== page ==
During my search for a new camera bag, I came across the Ape Case AC580 Tech Messenger. This unassuming yet stylish bag appealed to me with it’s $80 CAD price tag and attractive choices in colours.
It looked different and cost less compared to other camera bags I was considering. So, I bought one to see if it will meet my needs.
My first impressions
The entire bag feels well padded and looks like it can offer decent protection to the gear you carry. That said, the capacity is more like a medium despite the “Large Tech Messenger” name on Amazon.
I chose the teal colour because it looked more fun and active. Some even described it as “cute” and “Pokemon-like”. While I had initial reservations of my choice, I am happy that it turned out looking better in person than in photos.
Overall, it’s an attractive messenger bag that doesn’t scream it has a camera inside.
The teal flap is held down using Velcro and underneath that is a zippered pouch. It provides decent security from theft and rain. Having the zippers concealed under the flap is a good deterrent from would-be pick pockets and it additionally serves as a cover for rain in the event you are caught without an umbrella.
Water resistant zippers
It’s also good to see water resistant zippers used on a bag at this price point. However, there is one serious design flaw with the zipper for the back compartment.
When fully closed, the zipper does not seal completely. For the purpose of water resistance, having a hole exposed to the elements is counter to keeping moisture out. While I think it will be okay for light rain now and then, don’t expect to keep it out for long periods.
The shoulder strap
The strap has a curved padded shoulder pad and the length can be adjusted from both sides. So, you are able to wear the bag on your left or right shoulder as a cross-body. Unfortunately, the strap is attached in a way where you cannot remove/replace it without having to unstitch and resew the strap back on.
The main compartment
How much space is there?
When I got the bag, the first thing I did was see how much it can hold. The bag has two compartments. The main compartment is the front pouch that’s under the teal flap. Unzipping it will expose the compartment allowing you to see everything in the bag.
I was able to comfortably fit my Canon 6D with 35mm lens inside and still have enough space for an additional lens if needed. With a DSLR, you are limited to only placing the camera in sideways.
You will not be able to close the zippers if you place your camera in facing down or have a battery/vertical grip attached. This is because the shape of the bag is narrower at the top (kind of like a purse, do not judge!) and really limits your flexibility.
Is the bright nylon interior safe?
Looking inside, the interior of the bag came at a surprise. It is lined with a bright yellow nylon lining.
Having used a number camera bags in the past, I have grown to expect a soft material instead. I don’t have the same peace of mind with my glass and camera being safe against more abrasive material like nylon. But I also understand that this really comes down to how you use your bag and value your gear. If you always put your lens cap back on, have a screen protector, or don’t mine cosmetic wear and tear, this becomes a non-issue.
The bright yellow inner lining also feels flimsy and loose, but it does provide very good contrast to whatever that is inside the bag. I also think that if water were to ever penetrate the exterior of the bag, the nylon lining inside might be able to resist some moisture from getting to your contents. So, it has an unintended benefit of keeping your gear dry.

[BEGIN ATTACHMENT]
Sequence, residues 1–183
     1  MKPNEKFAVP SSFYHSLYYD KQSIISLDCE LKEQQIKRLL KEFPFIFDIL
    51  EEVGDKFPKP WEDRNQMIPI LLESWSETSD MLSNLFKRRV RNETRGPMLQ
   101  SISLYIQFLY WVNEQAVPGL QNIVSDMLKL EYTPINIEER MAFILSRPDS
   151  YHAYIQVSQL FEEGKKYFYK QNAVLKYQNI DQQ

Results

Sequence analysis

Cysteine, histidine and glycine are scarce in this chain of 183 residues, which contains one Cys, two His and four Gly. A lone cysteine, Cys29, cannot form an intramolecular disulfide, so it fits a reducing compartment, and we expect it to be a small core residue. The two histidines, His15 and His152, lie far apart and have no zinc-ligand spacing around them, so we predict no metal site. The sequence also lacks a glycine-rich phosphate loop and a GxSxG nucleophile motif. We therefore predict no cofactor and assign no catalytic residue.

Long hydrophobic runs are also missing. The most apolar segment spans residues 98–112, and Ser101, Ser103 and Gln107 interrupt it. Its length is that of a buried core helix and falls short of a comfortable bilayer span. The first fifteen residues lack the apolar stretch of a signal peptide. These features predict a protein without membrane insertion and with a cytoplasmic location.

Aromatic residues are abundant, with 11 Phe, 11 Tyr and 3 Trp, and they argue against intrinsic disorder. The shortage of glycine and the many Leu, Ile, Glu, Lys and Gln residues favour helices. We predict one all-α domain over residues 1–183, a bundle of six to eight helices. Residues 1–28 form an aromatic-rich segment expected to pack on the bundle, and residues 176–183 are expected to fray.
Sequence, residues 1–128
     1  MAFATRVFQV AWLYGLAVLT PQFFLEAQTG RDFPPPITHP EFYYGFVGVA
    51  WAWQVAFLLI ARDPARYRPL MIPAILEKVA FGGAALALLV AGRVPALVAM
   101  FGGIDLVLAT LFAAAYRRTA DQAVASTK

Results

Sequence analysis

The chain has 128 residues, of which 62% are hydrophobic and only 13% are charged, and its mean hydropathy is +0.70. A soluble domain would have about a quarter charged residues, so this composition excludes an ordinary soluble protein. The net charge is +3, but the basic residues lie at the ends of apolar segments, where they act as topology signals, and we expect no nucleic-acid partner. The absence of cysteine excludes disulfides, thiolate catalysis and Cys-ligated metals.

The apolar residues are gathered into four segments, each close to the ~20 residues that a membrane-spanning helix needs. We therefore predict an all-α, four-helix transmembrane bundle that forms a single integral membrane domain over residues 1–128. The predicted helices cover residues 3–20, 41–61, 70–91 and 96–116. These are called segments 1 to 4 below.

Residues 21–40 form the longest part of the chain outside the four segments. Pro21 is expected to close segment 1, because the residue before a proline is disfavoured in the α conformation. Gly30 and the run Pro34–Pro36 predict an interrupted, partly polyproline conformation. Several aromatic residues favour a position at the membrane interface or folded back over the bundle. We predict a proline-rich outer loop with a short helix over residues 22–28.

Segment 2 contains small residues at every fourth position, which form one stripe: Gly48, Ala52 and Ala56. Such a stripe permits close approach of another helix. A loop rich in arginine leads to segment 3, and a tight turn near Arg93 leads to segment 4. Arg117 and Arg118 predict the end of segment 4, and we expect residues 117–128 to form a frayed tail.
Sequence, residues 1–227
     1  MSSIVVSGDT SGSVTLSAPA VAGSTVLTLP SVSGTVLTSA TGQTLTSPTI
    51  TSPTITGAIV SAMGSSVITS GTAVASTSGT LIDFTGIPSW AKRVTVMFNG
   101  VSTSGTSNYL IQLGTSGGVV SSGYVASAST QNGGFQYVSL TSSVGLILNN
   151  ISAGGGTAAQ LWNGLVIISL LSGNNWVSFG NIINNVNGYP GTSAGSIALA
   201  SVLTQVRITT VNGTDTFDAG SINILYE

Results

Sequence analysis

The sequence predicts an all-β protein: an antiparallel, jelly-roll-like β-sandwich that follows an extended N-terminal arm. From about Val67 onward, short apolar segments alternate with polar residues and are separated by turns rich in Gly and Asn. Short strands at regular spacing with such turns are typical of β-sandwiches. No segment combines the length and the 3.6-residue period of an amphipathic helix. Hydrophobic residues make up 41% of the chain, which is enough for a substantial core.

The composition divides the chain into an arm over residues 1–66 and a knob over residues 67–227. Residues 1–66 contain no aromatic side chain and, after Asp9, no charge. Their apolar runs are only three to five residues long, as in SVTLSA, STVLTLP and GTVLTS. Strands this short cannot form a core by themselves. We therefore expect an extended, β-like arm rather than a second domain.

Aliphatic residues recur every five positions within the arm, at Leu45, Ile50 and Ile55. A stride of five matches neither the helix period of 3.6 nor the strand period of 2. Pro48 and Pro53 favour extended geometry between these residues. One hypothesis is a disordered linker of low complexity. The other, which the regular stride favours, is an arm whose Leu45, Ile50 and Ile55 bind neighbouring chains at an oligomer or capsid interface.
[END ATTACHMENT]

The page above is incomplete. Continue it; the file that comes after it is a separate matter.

Dumbest divider system I have seen
This leads me to the biggest conundrum I have with this bag. The inside perimeter of the pouch is lined with two parallel strips of Velcro, followed by one short strip at the bottom, and comes with two movable pads. One pad is the standard divider you see in most camera bags and the other is a small two-inch block; meant to support your lens presumably.
Because of this poor design, you are limited on how you can configure your pads. You cannot adjust the standard divider too high or low without risking the Velcro not holding on well. Or, if you have a short lens like me and want to keep the camera as far to the right of the bag as possible. The Velcro at the bottom of the bag does not reach far enough to where I want the small padded block to be. I am then forced to shift my configuration over a little and lose overall storage capacity for the sake of making sure my lens is properly supported.
The second compartment of the bag is at the back and can be accessed through an exterior zipper from the top.
Inside this compartment contains:
- a soft felt like sleeve large enough for a 11” tablet.
- two open pockets
- one zippered interior pocket
The pockets themselves are made from the same yellow nylon material and don’t offer any rigid structure or padded protection.
They don’t hold much more than notepads, phone, wallet, tickets, transit passes, travel documents, or anything that is generally flat. Storing anything larger would cause the back of the bag to bulge; making it not as comfortable to carry.
My final thoughts
After using it on a couple of outing, I found the bag to be comfortable to wear as long as I don’t over-stuff the back compartment. It hangs close and conforms well to my side or back without much bounce or swing to it.
Camera bags in general are very personal, there is no such thing as a perfect one for every situation. For the Ape Case Tech Messenger, my feelings are rather mixed. It holds what I need it to hold. It looks good and doesn’t draw much attention. It just not as flexible as I like it to be. But at half the price of everything else I was considering, I think it is a worthwhile compromise.